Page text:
Once upon a time, Chicago’s West and South Loop neighborhoods were industrial areas with mostly lower-income, minority residents and few children. To draw in students, the West Loop’s Skinner and South Loop Elementary were given specialty programs: Skinner became a classical school and South Loop, a regional gifted center.
Once upon a time, Chicago’s West and South Loop neighborhoods were
industrial areas with mostly lower-income, minority residents and few
children. To draw in students, the West Loop’s Skinner and South Loop
Elementary were given specialty programs: Skinner became a classical
school and South Loop, a regional gifted center.
Over the past decade, condos rather than factors began to dominate the
neighborhoods, and the streets began teeming with couples and their
kids. The neighborhood-based programs at Skinner and South Loop are now
overcrowded, pitting longtime parents against newbies. CPS officials
have tried to solve the dilemma, but as is often the case in
gentrifying neighborhoods, few are happy.
Faced with strong community objection by parents, CPS recently backed
away from a plan to move South Loop’s middle grades to the National
Teachers Academy, a five-year-old, underutilized school 10 blocks away.
At Skinner, conflict is simmering over space and resources, pitting
parents of neighborhood children against parents of children in the
selective classical program.
Advocates note a larger issue: The district’s failure to develop a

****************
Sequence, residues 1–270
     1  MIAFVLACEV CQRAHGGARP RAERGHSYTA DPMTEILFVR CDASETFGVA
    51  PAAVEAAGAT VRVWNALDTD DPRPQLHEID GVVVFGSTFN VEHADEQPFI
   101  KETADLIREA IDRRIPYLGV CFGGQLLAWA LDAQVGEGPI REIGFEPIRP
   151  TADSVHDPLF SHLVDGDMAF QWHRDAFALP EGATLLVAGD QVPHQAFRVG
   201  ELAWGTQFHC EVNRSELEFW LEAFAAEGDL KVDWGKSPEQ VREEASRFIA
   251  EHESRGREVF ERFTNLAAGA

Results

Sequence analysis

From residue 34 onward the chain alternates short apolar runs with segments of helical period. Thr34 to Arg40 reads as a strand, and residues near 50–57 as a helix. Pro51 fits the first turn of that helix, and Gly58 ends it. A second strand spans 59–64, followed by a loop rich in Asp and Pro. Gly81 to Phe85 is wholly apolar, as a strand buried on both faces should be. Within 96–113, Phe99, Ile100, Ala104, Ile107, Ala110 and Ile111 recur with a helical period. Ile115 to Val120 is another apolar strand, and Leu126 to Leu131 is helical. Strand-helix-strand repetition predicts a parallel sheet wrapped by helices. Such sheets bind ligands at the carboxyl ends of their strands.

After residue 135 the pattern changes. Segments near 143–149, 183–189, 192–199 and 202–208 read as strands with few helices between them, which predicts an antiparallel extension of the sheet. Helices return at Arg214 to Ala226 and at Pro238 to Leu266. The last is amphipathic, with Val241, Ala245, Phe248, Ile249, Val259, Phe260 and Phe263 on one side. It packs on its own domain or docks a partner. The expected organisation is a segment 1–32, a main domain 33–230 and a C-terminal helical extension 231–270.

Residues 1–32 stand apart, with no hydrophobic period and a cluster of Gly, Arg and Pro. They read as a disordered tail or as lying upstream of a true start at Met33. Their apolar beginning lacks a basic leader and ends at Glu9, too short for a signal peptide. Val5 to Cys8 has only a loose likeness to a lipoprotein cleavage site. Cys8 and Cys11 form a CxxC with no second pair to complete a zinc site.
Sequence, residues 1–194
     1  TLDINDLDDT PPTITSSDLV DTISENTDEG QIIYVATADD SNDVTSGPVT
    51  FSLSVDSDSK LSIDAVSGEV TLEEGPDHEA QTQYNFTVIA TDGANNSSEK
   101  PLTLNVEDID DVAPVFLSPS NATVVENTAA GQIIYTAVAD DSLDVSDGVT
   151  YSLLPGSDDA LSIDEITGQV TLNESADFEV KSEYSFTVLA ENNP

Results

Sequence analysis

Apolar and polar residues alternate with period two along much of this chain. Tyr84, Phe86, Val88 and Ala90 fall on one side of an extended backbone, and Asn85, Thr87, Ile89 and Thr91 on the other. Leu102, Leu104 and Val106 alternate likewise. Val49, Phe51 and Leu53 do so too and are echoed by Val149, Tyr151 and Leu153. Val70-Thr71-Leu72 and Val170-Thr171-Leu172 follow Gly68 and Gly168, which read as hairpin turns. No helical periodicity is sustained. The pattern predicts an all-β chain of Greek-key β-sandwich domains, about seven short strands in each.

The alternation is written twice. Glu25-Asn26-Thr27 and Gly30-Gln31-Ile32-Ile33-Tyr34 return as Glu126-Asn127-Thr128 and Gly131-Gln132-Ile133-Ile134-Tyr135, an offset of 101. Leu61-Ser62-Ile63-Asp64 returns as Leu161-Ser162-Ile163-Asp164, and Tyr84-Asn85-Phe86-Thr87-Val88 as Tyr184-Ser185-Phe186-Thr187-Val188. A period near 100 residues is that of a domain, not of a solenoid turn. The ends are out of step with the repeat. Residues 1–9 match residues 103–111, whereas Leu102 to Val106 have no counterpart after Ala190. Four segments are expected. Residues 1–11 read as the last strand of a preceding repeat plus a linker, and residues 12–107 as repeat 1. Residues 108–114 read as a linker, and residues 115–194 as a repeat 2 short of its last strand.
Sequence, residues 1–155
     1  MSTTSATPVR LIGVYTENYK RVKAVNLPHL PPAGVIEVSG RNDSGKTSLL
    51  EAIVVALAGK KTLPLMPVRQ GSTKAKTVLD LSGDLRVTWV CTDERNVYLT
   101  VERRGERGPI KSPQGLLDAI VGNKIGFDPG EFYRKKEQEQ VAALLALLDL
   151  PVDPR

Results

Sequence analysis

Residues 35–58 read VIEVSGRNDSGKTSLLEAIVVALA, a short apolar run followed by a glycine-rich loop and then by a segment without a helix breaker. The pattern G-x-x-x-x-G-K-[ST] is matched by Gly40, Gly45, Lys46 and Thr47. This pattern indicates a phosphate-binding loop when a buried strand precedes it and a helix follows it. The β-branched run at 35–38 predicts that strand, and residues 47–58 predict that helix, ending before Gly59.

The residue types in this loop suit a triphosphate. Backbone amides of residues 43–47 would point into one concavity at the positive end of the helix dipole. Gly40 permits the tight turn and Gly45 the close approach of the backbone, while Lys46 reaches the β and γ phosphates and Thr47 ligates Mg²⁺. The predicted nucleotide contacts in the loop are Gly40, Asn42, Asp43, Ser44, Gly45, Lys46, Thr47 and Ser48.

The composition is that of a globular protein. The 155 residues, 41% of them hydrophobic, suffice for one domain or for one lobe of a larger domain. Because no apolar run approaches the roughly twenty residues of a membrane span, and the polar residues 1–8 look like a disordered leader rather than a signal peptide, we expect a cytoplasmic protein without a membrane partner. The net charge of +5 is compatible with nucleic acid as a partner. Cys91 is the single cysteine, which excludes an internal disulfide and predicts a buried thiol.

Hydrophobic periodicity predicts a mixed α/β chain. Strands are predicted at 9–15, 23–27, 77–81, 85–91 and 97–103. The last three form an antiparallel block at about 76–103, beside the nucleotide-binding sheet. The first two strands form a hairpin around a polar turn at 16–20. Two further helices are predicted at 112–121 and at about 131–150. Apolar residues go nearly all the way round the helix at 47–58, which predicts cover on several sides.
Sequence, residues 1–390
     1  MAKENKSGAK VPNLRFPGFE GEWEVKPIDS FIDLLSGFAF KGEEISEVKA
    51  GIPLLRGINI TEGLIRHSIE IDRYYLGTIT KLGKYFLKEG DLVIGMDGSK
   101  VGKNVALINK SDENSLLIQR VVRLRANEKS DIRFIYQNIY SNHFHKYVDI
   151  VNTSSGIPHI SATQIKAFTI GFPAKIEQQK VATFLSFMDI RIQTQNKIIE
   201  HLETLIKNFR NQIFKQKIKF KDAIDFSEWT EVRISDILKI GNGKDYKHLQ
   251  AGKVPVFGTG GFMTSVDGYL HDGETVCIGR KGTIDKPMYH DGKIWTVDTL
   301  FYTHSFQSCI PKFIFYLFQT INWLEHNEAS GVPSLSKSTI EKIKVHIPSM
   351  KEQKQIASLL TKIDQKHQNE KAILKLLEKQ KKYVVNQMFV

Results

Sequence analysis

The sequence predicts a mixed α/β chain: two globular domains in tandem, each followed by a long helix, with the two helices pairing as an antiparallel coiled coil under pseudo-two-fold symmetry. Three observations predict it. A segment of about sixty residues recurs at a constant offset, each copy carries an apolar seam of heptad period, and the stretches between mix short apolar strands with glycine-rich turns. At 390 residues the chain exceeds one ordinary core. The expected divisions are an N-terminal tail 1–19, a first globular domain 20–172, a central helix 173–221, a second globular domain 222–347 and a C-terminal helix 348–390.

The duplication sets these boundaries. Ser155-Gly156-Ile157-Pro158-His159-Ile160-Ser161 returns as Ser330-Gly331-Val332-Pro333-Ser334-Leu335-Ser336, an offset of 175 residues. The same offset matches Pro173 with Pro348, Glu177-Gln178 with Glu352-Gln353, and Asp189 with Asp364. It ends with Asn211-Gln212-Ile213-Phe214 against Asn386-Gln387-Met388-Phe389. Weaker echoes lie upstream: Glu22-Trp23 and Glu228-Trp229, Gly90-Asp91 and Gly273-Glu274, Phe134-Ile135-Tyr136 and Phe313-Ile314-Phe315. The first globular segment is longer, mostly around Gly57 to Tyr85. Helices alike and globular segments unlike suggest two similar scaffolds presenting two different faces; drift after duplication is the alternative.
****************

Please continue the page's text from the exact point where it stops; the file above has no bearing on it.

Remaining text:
comprehensive facilities plan that takes into account community input
and demographic shifts.
“CPS tends to wait for a crisis and then make quick decisions,” says
Andrea Lee, the education organizer for the Grand Boulevard Federation.
“If they had sat down earlier, they could have reached some sort of an
agreement with the community. CPS has a blank check to do anything at
any time at the expense of students and their families.”
The Grand Boulevard Federation wants CPS to adopt a facilities master
plan that would allow the district and the community to map out the
population of a neighborhood and make a fit with the facilities in the
area—eliminating the disconnect between neighborhood population and
CPS spokesman Frank Shuftan says the district is examining the
situations in the South Loop and trying to come with
solutions. However, residents say the dramatic change has happened over
time and that CPS officials should have noticed.
“When I first moved here, the second young couples started having kids
they would move to a different area,” said Enrique Perez, a longtime
resident of the South Loop. “Now, people are sticking around and
sending their kids to the neighborhood schools.”
Former Skinner local school council member Andre Taylor noted the demographic impact in his neighborhood.
“A lot of people, mostly African Americans, got displaced because they
couldn’t afford to live here,” Taylor says. “The majority of new
residents were white people with children.”
In the South Loop, parents’ demands for better schools brought a